Press Conference, Cypress Swamps, Virginia Indians, and Colonial History
On Tuesday, July 1, 2014, Governor Terry McAuliffe hosted a press conference at First Landing State Park to sign an executive order reconvening the state's Climate Change and Resiliency Commission. We've hosted other press conferences and other VIPs before, but this one was different.
Governor McAuliffe prepares to sign the Executive Order
Usually the dignitaries' schedules are so tightthat they are pressed for time to complete a short tour andpose with a smile fora few media cameras. But Governor McAuliffe, not only spent the whole afternoon at Virginia State Park system. He toured multiple areas of the park, he met with volunteers, community partners, park staff, and park visitors, and he presented special commendationstopark rangers on our law enforcement staff. He did all of this with a smile on his face and a spring in his step. It is obvious that Governor McAuliffe truly enjoys the outdoors!
Environmental groups showed their support for the Governor at the Trail Center
After lunch with the board members of Sierra Club. I was particularly thrilled that my delegate for the Kempsville/Chesapeake area, Ron Villanueva, was in attendance.
Delegate Ron Villanueva and Secretary of Natural Resources Molly Ward
at the press conference
Governor McAuliffetoured the new Virginia Indians were re-interred after being repatriated from the Smithsonian Institution in 1997.Education Specialist Jennifer Huggins explained about the Powhatan federation and how the coastal area was prime hunting and fishing grounds for the tribes.
Governor McAuliffe pays his respects at the Virginia Indian burial ground
Foregoing his air conditioned SUV, the governor then went on a golf cart tour of the cabin and campground area stopping now and then to talk with park guests. He finished off his tour of the park with a quick stop into the Chesapeake Bay Center to tour the Jamestown.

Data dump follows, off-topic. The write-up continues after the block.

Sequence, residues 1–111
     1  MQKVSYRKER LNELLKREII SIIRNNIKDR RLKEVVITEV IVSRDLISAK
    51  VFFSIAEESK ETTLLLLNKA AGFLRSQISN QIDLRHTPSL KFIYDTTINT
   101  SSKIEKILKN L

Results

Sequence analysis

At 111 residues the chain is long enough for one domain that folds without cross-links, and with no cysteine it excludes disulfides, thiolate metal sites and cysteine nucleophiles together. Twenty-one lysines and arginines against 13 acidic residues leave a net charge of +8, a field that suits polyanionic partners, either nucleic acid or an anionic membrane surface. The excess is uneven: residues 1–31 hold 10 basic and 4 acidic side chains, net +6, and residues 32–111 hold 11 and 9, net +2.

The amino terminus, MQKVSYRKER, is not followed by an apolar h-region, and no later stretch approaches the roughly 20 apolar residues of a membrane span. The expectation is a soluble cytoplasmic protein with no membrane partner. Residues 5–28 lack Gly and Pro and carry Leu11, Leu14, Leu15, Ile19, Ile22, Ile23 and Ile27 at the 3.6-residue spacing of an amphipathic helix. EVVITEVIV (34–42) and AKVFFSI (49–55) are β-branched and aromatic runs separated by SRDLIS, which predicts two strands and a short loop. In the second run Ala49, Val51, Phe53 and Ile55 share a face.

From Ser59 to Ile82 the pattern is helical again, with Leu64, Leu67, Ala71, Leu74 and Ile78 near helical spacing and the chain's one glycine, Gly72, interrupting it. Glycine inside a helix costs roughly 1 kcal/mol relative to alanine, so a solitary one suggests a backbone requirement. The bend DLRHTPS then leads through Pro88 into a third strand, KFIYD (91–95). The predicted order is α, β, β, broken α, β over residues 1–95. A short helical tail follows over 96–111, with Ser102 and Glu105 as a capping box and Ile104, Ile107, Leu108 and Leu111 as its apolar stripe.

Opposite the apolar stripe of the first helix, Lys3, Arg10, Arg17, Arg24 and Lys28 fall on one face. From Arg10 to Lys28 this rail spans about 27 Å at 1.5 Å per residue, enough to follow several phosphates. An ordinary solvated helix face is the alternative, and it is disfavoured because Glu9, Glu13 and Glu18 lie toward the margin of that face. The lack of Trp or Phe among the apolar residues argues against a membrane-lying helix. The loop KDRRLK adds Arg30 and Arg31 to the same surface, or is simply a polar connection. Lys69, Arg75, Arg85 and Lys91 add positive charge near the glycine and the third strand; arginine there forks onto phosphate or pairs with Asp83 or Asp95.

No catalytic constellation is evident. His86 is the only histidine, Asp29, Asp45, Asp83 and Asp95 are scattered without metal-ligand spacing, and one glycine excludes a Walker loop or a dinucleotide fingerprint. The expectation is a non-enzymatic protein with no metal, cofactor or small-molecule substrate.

Governor McAuliffe stops for a photo with members of the Princess Anne Garden Club who are big supporters of First Landing State Park
At the end of his tour, Governor McAuliffe assured irginia citizens and are economic engines, anchors if you will, for many of our state's small communities and big cities. Our state parks provide jobs, tourism dollars, educational programs,and most importantly, provide a respite for your mind, body, and spirit to relax a bit, away from the hustle and bustle of modern life.
Lt. Governor Ralph Northam also joined part of the tour and
showed his support for Virginia State Parks
Pictured here with Friends of First Landing Vice-President Helen Carter
Each state park is like a small city that needs constant attention with residential housing, rental cabins, campground with electrical and water lines, large public bathhouses, museums, gift shops, snack bars, visitor centers, wildlife, plants, and visitorsthat require monitoring and management. During his visit, Governor McAuliffe was amazed at the number of people that visit Virginia State Parks.
Ranger Smelser (right) and Ranger DeMay (left)
were presentedcommendations from the Governor;
Park Manager Bruce Widener also received a commendation
There were a lot of different activities going on during his visit: cabin and campground check-ins, day school field trips, children's activities, chicken turtle monitoring in the swamps, jogging groups on the trails, and so much more. Plan your trip for a week or just for the day. Click here for a schedule of self-guided and ranger-guided programs at First Landing and other Virginia State Parks.
Governor McAuliffe hiked part of the popular Bald Cypress Trail. There are several scheduled guided hikes of this trail every week in the summer.
Virginia State Parks Customer Service Center at 1-800-933-PARK. Day use parking fees are only $4 weekdays and $5 weekend.